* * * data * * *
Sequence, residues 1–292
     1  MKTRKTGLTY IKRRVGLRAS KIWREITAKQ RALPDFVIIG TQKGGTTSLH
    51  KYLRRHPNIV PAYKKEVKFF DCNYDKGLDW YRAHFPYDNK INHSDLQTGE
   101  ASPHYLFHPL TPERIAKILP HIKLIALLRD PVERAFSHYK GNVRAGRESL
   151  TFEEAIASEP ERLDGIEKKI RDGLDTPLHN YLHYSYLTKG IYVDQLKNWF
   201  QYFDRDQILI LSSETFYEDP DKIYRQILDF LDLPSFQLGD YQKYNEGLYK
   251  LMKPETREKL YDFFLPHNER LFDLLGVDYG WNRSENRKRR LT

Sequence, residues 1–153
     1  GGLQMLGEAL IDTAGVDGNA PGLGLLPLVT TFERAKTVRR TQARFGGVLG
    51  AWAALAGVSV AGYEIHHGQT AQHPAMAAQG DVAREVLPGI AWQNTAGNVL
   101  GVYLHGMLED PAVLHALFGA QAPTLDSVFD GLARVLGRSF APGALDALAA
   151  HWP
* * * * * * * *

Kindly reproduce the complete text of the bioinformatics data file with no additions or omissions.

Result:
Sequence, residues 1–292
     1  MKTRKTGLTY IKRRVGLRAS KIWREITAKQ RALPDFVIIG TQKGGTTSLH
    51  KYLRRHPNIV PAYKKEVKFF DCNYDKGLDW YRAHFPYDNK INHSDLQTGE
   101  ASPHYLFHPL TPERIAKILP HIKLIALLRD PVERAFSHYK GNVRAGRESL
   151  TFEEAIASEP ERLDGIEKKI RDGLDTPLHN YLHYSYLTKG IYVDQLKNWF
   201  QYFDRDQILI LSSETFYEDP DKIYRQILDF LDLPSFQLGD YQKYNEGLYK
   251  LMKPETREKL YDFFLPHNER LFDLLGVDYG WNRSENRKRR LT

Sequence, residues 1–153
     1  GGLQMLGEAL IDTAGVDGNA PGLGLLPLVT TFERAKTVRR TQARFGGVLG
    51  AWAALAGVSV AGYEIHHGQT AQHPAMAAQG DVAREVLPGI AWQNTAGNVL
   101  GVYLHGMLED PAVLHALFGA QAPTLDSVFD GLARVLGRSF APGALDALAA
   151  HWP